The Supreme Court Commission speaks positively about shorter terms

A commission tasked with studying potential changes Supreme Court released a first look at Thursday night during its review, a draft report that is cautious when it comes to discussing proposals to expand the court but also speaks of approving time limits for judges.

The 36-member bipartisan commission, largely composed of academics, has studied judicial reform and held hearings, but it was not prosecuted for making recommendations under White House order that created it. As a result, much of the approximately 200 pages of material that the Commission released is the history and context of reform proposals.

A final report from the committee, which will next meet on Friday, is expected in about a month and will go to the president then. Even when the Commission concludes its work, however, all proposals for change will be met with serious political headwinds, especially with pending midterm elections and the chance that Democrats may lose control of Congress.

The Commission’s review was a campaign promise by the President Joe Biden made amid pressure from activists and Democrats to react after the court’s composition tilted sharply to the right during President Donald Trump’s term.

Trump nominated three judges for the Supreme Court and gave it a 6-3 Conservative majority. Democrats were particularly frustrated that the Republican-led Senate retained the former president Barack Obama from filling the seat empty for months of the conservative judge Antonin Scalia’s death in 2016. Then, with Trump in office, the Senate pressed to confirm justice Amy Coney Barrett before the court after the death of liberal justice Ruth Bader Ginsburg weeks before the election.

This led to calls from some progressives for reform, including adding seats to the court or setting time limits.

For its part, the Commission devoted a significant part of the material it released to discussing time limits for judges, which, according to the Constitution, has a lifespan. The Commission described term restrictions as the proposal that seems to have “the most widespread and bipartisan support”.

It said that a political diversity researcher has approved term limits and that a review of literature on the subject by the Commission “discovered few works arguing against term limits.”

The commission said three current judges – Chief Justice John Roberts, Judge Stephen Breyer and Justice Elena Kagan – “have noted the potential benefits of term limits.” It also quoted experts who recommended an 18-year time limit for judges and said that time limits for state supreme judges are common.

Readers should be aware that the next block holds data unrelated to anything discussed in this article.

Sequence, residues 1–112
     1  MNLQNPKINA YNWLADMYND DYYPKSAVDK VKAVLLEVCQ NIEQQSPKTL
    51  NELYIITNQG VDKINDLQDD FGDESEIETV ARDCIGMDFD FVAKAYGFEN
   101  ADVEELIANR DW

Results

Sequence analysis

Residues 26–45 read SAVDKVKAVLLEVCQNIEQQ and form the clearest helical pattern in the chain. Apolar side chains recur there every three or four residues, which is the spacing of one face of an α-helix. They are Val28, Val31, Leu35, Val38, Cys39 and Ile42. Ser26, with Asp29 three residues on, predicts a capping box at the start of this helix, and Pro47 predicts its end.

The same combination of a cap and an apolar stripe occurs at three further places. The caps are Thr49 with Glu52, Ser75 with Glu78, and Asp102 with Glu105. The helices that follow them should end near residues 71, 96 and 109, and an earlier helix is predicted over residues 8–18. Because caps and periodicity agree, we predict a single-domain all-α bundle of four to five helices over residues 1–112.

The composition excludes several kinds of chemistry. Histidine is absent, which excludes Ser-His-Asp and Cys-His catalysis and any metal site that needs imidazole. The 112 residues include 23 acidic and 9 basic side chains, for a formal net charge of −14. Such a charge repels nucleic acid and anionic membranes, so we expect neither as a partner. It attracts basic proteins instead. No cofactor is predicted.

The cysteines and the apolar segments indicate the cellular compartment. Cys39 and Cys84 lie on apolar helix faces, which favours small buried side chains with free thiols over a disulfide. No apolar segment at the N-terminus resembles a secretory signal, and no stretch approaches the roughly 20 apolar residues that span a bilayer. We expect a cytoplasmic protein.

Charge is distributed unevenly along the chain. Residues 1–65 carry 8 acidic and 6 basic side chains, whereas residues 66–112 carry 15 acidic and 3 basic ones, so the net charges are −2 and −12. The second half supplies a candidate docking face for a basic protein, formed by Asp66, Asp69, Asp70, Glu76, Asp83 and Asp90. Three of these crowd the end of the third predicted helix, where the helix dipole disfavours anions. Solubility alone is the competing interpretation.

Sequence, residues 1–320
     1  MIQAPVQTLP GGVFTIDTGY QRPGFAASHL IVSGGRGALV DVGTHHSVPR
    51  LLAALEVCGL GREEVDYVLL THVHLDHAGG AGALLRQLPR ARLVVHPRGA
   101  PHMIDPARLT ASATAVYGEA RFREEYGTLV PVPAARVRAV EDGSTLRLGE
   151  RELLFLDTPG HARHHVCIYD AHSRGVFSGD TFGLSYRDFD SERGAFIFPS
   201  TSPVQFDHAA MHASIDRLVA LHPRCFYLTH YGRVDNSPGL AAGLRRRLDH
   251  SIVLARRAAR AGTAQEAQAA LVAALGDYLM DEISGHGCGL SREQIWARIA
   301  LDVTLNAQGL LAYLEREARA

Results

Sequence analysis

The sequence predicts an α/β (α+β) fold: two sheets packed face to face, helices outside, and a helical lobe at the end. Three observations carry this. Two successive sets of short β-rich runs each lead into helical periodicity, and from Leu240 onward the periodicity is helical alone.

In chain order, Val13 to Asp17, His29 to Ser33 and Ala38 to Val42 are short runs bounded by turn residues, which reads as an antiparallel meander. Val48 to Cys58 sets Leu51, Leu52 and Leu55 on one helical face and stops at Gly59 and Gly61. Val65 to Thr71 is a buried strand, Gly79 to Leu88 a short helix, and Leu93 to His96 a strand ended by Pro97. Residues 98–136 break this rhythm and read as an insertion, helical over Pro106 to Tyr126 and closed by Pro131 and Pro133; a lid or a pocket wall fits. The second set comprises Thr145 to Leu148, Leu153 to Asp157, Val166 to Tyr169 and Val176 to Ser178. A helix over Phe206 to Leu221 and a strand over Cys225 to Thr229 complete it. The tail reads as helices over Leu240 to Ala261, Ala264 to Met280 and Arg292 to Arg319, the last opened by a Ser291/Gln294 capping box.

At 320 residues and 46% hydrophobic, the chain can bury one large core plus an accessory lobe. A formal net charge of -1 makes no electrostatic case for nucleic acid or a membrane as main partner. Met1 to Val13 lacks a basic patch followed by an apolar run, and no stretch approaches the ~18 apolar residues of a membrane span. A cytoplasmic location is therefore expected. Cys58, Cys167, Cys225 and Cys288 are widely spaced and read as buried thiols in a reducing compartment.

The report also notes that United States is the “only great constitutional democracy in the world that has neither a retirement age nor a fixed season for its highest judges.”

The Commission said it was divided on whether Congress has the power to create an equivalent time limit for judges by law or whether a constitutional amendment is required.

The inquiry’s report was cautious about proposals to increase the size of the court. It noted that an increase in the size of the court could create a more versatile court that can handle more cases. But it also noted that “the risks of the court’s expansion are significant”, including for the court’s legitimacy.

The Commission said that most state supreme courts have fewer seats than the Supreme Court, but that by global standards the Supreme Court is small, with France, Spain and the United Kingdom among the countries with larger supreme courts.

“Other countries have found ways to make a larger court feasible,” the commission said, noting: “However, we should be careful to assume that the US Supreme Court could easily follow the lead of its international analogues.”

Congress originally determined the size of the court to be six members. The size has been nine since 1869.

When the Commission concludes its work, calls for action from Congress and the President may increase. During the presidential campaign, Biden has repeatedly removed questions about expanding the court, and he has not said whether he supports adding seats or making other changes, including introducing time limits. White House Press Secretary Jen Psaki had said he would not weigh in on the size of the court until the Commission completed its work.

A number of groups follow closely what the committee produces. Brian Fallon, executive director of the Demand Justice progressive court group, called the draft report “not even close to waiting” and argued that the “paralysis-for-analysis” reflected here is exactly what you would expect from a commission that exists mostly academics. “He said the commission’s aim was simply to” buy time for the Biden administration while fighting other legislative battles. “

But Alliance for Justice President Rakim Brooks said in a statement that “the report will help raise awareness that reforms are not only possible but also necessary.” And Gabe Roth of the Fix the Court group said in a statement that “the draft highlights the benefits of several popular Supreme Court reforms, including time constraints, which would rebuild confidence in an institution whose public appreciation has recently collapsed.”

The panel is chaired by Bob Bauer, who served as the White House’s attorney for former President Barack Obama, and Cristina Rodriguez, a professor at Yale Law School who served on Obama’s Legal Council.

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Associated Press reporter Jonathan Lemire contributed to this report.

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